Elucidating the interaction between Brassica napus and Rhizoctonia solani AG 2-1

Drizou, Fryni (2018) Elucidating the interaction between Brassica napus and Rhizoctonia solani AG 2-1. PhD thesis, University of Nottingham.

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Abstract

Brassica napus, oilseed rape (OSR), is a worldwide cultivated crop belonging to the family Brassicaceae, broadly used in crop rotations with cereals. Production is focused on oil for human consumption, biodiesel and feedstock. OSR has undergone intensive breeding for optimization of oil content, disease resistance and augmentation of yields, and today is considered one of the most profitable crops. Nonetheless, oilseed rape is the primary host for the necrotrophic soil-borne pathogen Rhizoctonia solani anastomosis group (AG) 2-1. Infection of seedlings causes damping off disease and decreases crop establishment and yields. AG 2-1 is the most prevalent AG of R. solani in wheat fields in the UK. Currently there is no OSR germplasm resistant to R. solani AG 2-1. Available control methods include cultural practices and chemical seed treatments, which aim to postpone the infection and hence improve crop establishment. Changes in agronomic practices and crop management, including choice of cultivars, tillage, application of fertilisers and pesticides, mean that there is a danger of future outbreaks of diseases that in the past were not considered as major problem. This includes R. solani AG 2-1 which can infect other rotational crops as well and due to its saprophytic nature remains in the fields for years. The aim of the PhD was to elucidate interactions between R. solani AG 2-1 and B. napus, by identifying potential resistant traits and understanding how the pathogen counteracts OSR plant defences.

The first objective was to develop and compare different high-throughput screening methods that could be used for the phenotyping of OSR germplasm interactions with R. solani AG 2-1. Four methods were developed and compared: (1) nutrient media plates, (2) compost trays, (3) light expanded clay aggregate (LECA) trays and (4) a hydroponic pouch and wick system. Inoculation of LECA was the most suitable method for screening disease caused by AG 2-1 to OSR germplasm, because it allowed the detection of differences in disease severity between the tested OSR genotypes 5 days post infection (dpi) and also to conduct measurements in whole plants.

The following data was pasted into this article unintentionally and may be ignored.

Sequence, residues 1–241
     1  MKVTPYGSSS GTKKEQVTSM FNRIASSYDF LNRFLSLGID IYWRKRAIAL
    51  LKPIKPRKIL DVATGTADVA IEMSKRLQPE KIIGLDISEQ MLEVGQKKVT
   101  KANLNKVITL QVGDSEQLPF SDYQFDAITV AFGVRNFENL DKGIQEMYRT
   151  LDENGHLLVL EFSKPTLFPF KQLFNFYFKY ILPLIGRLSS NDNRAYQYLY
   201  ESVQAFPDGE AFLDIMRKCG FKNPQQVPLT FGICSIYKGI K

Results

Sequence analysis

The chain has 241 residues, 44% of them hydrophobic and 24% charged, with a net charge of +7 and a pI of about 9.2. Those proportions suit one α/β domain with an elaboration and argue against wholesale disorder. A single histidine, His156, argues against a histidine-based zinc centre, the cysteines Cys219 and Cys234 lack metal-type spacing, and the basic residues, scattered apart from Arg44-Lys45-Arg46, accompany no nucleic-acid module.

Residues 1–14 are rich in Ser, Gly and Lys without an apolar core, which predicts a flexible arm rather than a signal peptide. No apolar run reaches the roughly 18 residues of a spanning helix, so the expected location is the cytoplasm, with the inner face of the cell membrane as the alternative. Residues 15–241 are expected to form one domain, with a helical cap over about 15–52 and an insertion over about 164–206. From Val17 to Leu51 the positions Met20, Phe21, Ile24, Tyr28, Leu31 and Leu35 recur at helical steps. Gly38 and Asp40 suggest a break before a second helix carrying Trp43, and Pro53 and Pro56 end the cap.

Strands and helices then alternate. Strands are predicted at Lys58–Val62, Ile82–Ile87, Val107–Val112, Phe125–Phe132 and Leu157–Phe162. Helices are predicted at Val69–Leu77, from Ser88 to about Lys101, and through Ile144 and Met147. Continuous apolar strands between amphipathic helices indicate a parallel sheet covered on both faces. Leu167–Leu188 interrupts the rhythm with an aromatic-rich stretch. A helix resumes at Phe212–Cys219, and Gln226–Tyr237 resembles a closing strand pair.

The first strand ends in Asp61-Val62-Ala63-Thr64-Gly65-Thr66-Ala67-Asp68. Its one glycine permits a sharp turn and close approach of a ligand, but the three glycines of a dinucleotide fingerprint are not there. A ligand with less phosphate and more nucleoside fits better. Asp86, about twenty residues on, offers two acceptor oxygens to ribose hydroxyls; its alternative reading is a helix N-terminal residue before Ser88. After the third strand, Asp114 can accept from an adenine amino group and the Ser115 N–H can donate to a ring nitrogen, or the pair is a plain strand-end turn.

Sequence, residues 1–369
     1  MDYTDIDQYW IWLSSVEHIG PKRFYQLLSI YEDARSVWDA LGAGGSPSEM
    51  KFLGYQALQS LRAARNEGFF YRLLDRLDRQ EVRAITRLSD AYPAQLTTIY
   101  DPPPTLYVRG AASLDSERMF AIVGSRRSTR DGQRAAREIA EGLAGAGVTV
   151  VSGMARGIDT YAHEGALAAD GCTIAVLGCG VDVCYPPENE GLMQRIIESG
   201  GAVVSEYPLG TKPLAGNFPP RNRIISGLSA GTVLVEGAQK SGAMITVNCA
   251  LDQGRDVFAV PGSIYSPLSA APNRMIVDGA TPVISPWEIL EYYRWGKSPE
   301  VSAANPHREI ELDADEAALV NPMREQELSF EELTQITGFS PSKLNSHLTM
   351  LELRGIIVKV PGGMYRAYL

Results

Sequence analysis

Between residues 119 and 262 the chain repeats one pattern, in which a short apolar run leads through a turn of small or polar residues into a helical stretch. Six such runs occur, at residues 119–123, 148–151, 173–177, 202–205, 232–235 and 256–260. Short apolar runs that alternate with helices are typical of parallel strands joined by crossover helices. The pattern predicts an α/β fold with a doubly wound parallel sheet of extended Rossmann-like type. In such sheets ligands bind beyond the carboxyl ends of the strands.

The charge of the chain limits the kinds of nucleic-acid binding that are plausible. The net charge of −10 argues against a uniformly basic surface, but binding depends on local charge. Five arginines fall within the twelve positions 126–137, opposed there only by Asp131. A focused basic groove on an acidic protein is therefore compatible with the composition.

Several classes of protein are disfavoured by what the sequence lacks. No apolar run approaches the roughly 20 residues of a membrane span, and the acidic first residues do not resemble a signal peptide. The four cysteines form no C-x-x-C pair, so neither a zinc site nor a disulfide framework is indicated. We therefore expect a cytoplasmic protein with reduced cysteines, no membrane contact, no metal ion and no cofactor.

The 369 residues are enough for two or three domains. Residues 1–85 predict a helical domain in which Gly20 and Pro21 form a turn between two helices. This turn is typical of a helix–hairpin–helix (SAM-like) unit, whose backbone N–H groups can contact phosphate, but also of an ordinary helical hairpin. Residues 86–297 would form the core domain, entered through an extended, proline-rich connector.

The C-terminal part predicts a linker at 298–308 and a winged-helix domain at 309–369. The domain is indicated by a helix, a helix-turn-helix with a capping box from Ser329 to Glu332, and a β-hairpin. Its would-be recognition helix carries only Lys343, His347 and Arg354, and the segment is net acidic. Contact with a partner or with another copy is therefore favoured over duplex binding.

The second objective was to identify any sources of disease resistance by screening a diversity of OSR germplasm. To start the screening, I selected randomly germplasm from commercial cultivars and parental lines of mapping populations that was available in our seed bank. Overall, the germplasm tested consisted of commercial cultivars, genotypes from diversity sets and a mapping population. All genotypes tested appeared to be susceptible to AG 2-1 infection as shown by high disease levels, reduced emergence and survival. Additionally, I tested if any induced defence responses from exposure to disease could be inherited in the next generation through an epigenetic stress response. However, all progeny plants were also highly susceptible indicating that there was no evidence for transgenerational induction of resistance in this system.

The third objective was to gain insight into OSR plant defences when exposed to a combination of attacking organisms, as this often occurs in real field situations. I investigated the role of M. persicae infestation on OSR susceptibility to R. solani AG 2-1. There was no effect of AG 2-1 infection on aphid performance. However, M. persicae infestation resulted in significantly more disease symptoms in B. napus cv. ‘Canard’ plants although there were no significant differences in the amount of fungal DNA. Marker genes LOX3 and MYC2 had an augmented expression under AG 2-1 treatment but were downregulated in plants exposed to both aphids and pathogen. Hence, it appears that aphid infestation induced changes in the jasmonic acid (JA) signalling pathway, which resulted in the increased susceptibility to AG 2-1.

In conclusion, the present work provided a new high-throughput screening method suitable to phenotype disease by AG 2-1 in the early seedling stage within a short time period. Unfortunately, the current results confirm previous studies indicating that AG 2-1 is an extremely aggressive isolate to OSR germplasm that lacks genetic resistance. Nonetheless, the observed differences between the germplasm tested in the present work suggest that there are potential tolerant traits. For the first time, the current work provided evidence that M. persicae infestation can negatively affect plant defences against R. solani AG 2-1, through suppression of genes involved in JA signalling. Additionally, it was demonstrated that R. solani AG 2-1 induces the activation of defence mechanism related to both JA and salicylic acid (SA) pathways. Future studies aiming to identify resistant/tolerant traits should screen wider Brassica germplasm, including wild species. Additionally, it will be particularly interesting to explore how R. solani overcomes OSR defences by examining the expression of a broader array of genes involved in plant defence mechanisms.

Item Type: Thesis (University of Nottingham only) (PhD)
Supervisors: Graham, Neil
Ray, Rumiana
Keywords: Brassica napus, Rhizoctonia solani AG 2-1, Myzus persicae, plant resistance, disease phenotyping, plant defences
Subjects: S Agriculture > SB Plant culture
Faculties/Schools: UK Campuses > Faculty of Science > School of Biosciences
Item ID: 49317
Depositing User: Drizou, Fryni
Date Deposited: 13 Jul 2018 04:40
Last Modified: 13 Jul 2018 04:40
URI: http://eprints.nottingham.ac.uk/id/eprint/49317

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